Black Revenge Fantasies, White Manhood, and Historical Memory: Boardwalk Empire's Episode, "Anastasia" Reviewed

HBO's Boardwalk Empire is a lush television series. Do not be mistaken: Lushness does not necessarily mean a completeness of superficial physical beauty or the trap of ephemeral and pretty things. Lushness can also be depth. It can be intelligence. Lushness can be breadth and reward. As noted philosopher Slavoy Zizek said of the seminal dystopian film Children of Men, some artifacts of popular culture reward "deep viewing." For those who study film, popular culture, or the semiotics of mass culture, this means viewing a film with obligatory seriousness, intensity, and broadness of field.

For scholars of film, this understanding is a wink to the concept understood as "Mis En Scene." Translated: Boardwalk Empireframes a shot in such a way as to encourage a careful attention to clothing, the positioning of the characters relative to one another, and of the scene at large. The most damning observation that one can make of a television series such as Boardwalk Empire, a period piece set in the 1920's, is that it is a wax museum come to life. On its worst of days, and in the hands of a lesser steward, Boardwalk Empire could be the pitiable performance of a once great Motown band singing at a county fair when all the magic is gone, and the agents involved are in full denial about how far low they have fallen. Boardwalk Empire is none of these things--it is a window into the past, carefully constructed, and indelibly committed to the best that dramatic television can offer.

Boardwalk Empire is set is the great age of Prohibition-era America, when flappers danced upon the stage, temperance societies of now empowered (white) women reigned for a moment as they spread the wings of their now found political agency, and gangsters (with their liquor) were king. This is also the moment when white ethnics--those Italians, Irish, Greeks, and others--fought to burn away their ethnicity in the crucible of a soon to be found full whiteness in the post-World War One moment, as they become erstwhile Horatio Algers, when like James Cagney, they came to understand that "the world is mine."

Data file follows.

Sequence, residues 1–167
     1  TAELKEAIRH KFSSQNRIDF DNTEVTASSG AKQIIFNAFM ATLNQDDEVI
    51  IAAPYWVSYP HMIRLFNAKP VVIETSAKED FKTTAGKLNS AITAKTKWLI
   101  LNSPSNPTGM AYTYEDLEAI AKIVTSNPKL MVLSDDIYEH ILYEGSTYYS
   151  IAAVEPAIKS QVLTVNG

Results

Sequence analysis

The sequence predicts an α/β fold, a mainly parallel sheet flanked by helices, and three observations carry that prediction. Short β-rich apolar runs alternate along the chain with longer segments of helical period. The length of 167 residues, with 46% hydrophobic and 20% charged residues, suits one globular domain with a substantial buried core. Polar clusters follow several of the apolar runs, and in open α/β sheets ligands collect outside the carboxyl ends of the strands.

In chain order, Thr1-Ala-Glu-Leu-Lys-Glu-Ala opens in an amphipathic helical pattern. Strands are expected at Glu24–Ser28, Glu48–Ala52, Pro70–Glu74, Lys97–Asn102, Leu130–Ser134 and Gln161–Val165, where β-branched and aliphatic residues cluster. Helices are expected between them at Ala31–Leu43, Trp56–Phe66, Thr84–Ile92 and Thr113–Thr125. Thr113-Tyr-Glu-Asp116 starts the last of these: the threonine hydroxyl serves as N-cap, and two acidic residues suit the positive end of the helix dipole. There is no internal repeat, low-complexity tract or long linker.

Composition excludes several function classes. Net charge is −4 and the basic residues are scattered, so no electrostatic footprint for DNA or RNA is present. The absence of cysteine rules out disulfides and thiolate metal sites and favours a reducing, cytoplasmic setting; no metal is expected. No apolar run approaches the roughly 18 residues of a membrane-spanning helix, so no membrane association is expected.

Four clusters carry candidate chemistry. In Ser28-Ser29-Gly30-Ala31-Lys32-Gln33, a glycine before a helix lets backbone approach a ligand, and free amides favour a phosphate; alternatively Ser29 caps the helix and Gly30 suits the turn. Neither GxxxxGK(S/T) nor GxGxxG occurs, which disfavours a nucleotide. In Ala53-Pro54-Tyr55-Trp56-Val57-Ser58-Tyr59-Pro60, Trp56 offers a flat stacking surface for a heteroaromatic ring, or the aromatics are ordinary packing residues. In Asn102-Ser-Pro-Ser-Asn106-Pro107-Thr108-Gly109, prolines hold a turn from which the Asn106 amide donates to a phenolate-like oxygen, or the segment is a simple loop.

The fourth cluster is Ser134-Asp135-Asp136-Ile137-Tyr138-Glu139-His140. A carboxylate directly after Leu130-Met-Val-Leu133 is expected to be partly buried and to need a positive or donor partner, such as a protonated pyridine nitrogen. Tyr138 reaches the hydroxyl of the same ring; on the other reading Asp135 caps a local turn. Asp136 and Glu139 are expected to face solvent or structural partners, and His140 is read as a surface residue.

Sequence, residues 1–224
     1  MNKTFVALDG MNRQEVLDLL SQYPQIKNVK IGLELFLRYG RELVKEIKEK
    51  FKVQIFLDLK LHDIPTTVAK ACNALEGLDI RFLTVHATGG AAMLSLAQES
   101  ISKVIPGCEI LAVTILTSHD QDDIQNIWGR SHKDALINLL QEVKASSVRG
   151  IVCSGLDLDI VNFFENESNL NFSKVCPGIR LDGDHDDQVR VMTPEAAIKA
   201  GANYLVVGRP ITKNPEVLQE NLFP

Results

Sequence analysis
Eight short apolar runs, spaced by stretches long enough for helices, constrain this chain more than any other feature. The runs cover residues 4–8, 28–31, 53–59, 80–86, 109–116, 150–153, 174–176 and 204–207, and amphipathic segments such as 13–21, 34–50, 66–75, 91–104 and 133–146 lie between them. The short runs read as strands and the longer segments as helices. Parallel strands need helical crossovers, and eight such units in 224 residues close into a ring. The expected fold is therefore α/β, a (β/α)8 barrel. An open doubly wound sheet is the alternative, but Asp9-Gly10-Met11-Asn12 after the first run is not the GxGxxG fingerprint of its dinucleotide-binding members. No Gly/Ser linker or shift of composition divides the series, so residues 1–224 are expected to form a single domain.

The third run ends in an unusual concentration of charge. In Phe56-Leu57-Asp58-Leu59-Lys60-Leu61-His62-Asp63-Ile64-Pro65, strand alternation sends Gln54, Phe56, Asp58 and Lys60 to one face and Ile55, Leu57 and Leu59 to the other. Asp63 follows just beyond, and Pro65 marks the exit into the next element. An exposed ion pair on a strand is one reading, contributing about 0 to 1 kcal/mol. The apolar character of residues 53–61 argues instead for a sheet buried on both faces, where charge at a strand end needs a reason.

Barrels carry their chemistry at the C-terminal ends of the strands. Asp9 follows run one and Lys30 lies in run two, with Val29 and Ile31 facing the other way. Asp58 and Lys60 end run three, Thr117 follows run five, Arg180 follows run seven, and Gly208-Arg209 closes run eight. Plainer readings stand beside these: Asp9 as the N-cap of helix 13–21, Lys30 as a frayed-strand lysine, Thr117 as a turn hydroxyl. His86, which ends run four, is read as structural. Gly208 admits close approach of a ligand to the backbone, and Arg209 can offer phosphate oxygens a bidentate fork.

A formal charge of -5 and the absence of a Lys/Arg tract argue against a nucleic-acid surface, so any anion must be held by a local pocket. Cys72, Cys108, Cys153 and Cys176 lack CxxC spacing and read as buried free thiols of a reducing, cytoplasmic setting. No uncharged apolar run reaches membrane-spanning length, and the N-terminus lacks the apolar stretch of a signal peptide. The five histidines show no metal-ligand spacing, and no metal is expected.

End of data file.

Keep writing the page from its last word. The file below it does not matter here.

The setting that is the literal boardwalk in Boardwalk Empire is also a complement to how race was made in early 20th century America. The sites, sounds, and spectacle of this space, the World's Fairs and mass culture were locations for race makingthrough popular culture. Moreover, the iron cage of white manhood, its imagined fraternal order, and the creation of "normal" bodies were all made real through the accessible spectacles featured on the boardwalk of places like Atlantic City, P.T. Barnum's enterprises, the "freak show," Ripley's stages, andthe great midways of cities such as Chicago.

Boardwalk Empire contains all of these elements. It has acknowledged the racist spectacle of The Hottentot Venus. The marquis of the theaters featured in Boardwalk Empire's deep scenes all signal to this history. Cigarette store Indians are omnipresent. Black popular culture is the ether of The Roaring Twenties, all the while black folks are dismissed as schwartzes who don't polish the crystal ware correctly. As whiteness exists only in juxtaposition to blackness and the Other, black folk are peripheral to Boardwalk Empire while being central to the American mythos. This is especially clear in Sunday's episode, "Anastasia." Because popular culture, especially television shows such as Mad Men andBoardwalk Empire, traffic in the malleability of historical memory, the white gaze doesn't see "us," but "we" are forever there.

The greatest moment of Boardwalk Empire's "Anastasia" episode signals to the power of blackness in American memory, and of this country's popular culture at large. To this point, Nucky, Steve Bushemi's (main) character, the top dog of Atlantic City, is playing chess not checkers. If politics is "what have you done for me lately?" and "who get's what, when, and why?" Nucky must reach out to Chalky, Omar of The Wire fame and the boss of the African American political machine in Atlantic City. Ultimately in"Anastasia," realpolitik trumps white supremacy and provincial notions of the supremacy of white bodies over those black and brown.